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As elder parents reach the point where they need assistance to handle activities of daily living that they can no longer manage, their adult children may face a choice: Do they step in and become their parent’s caregiver, or should they hire outside help?

A primary benefit to providing care themselves is that they can ensure that their elder loved one’s best interests are a top priority. No one is going to want the best for their parent more than they do. It’s only natural. Whereas a paid health services worker might perform admirably, at the end of the day it’s still a job. For adult children caregivers, it’s about family.

While it may be a labor of love, it’s not one without costs.

Money should never become more important than family or health, after all, that’s what money is for. Unfortunately, in reality, financial costs are a huge consideration.

Today, reports tell us that the majority of family caregivers generally work for free. While it might save from paying someone else to provide care, it often ends up costing significant out-of-pocket amounts anyway. Costs can run the full gambit of expenses. According to research by the AARP, family caregivers spend on average about 20 percent of their annual incomes on expenses related to elder caregiving.

If the elder parent has his or her own financial resources, this may be less of a concern. If not, adult children are faced with cutting back on their own spending, which can affect their families and, ironically, retirement savings. Keep in mind that there are significant tax benefits to providing financial support for an elder dependent, and caregivers are allowed up to 12 weeks of unpaid leave pursuant to the federal Family and Medical Leave Act of 1993.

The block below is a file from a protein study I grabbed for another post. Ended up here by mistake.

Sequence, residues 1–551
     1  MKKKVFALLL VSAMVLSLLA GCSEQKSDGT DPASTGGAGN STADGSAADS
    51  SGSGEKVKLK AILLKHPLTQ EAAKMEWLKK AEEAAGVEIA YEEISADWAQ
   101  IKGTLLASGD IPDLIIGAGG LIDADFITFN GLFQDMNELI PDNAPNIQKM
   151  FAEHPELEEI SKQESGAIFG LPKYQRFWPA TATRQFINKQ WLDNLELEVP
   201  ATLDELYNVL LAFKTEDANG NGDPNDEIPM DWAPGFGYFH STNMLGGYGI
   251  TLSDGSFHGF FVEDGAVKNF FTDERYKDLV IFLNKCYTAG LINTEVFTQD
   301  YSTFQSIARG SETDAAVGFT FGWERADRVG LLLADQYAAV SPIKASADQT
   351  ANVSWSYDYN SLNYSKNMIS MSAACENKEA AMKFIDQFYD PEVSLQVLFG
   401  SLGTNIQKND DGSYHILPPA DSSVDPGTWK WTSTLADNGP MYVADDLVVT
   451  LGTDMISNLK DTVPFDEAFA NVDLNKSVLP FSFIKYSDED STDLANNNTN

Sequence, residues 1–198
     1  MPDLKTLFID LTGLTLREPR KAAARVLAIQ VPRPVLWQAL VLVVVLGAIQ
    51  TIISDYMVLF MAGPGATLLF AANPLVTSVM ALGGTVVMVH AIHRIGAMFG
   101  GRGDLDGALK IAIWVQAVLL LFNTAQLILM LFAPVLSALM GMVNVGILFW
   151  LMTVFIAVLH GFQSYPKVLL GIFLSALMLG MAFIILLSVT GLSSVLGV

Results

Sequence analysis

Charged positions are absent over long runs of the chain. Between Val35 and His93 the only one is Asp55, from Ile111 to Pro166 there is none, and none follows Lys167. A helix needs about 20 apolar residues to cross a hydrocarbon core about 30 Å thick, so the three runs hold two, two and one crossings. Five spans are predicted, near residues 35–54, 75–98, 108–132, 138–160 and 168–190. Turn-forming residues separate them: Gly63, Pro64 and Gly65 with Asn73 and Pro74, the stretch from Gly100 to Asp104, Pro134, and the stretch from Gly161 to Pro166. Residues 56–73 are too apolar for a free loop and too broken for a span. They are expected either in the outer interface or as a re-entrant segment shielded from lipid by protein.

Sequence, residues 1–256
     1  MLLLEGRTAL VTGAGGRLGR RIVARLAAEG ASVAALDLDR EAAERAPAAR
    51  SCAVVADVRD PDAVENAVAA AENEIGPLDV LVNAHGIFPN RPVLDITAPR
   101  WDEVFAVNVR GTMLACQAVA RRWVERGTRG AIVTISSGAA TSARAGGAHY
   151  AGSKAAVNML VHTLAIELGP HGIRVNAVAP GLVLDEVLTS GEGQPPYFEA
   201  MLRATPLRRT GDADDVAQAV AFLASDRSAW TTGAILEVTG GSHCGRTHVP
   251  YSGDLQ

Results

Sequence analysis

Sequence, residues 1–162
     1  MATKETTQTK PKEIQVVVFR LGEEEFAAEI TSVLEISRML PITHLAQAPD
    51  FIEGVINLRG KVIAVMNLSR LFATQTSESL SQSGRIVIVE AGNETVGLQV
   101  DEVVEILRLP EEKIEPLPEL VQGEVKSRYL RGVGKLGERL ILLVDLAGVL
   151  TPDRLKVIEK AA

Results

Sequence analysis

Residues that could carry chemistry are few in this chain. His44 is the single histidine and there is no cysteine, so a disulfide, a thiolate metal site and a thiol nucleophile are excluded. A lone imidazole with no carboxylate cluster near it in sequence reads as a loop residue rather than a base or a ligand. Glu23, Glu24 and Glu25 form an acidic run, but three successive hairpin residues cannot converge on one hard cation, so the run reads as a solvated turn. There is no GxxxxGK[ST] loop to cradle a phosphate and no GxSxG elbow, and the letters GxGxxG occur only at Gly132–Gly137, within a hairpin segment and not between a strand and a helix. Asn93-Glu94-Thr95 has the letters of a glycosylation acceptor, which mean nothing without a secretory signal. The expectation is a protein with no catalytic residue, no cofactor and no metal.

The ultimate upside to caring for an elderly parent is that it’s immensely rewarding. Every relationship is different, but no matter what, personally ensuring that mom or dad is getting the care they need is priceless.

Finally, family caregivers must take care of themselves. It’s a tremendous commitment and they don’t have to do everything. Community senior centers, elder daycares, and respite care services are a few of many options for finding a healthy balance.

Remember, a caregiver is no good to their parent if they require care themselves. Do not wait to ask us your elder law questions so that we may help you and your loved ones get the support you need.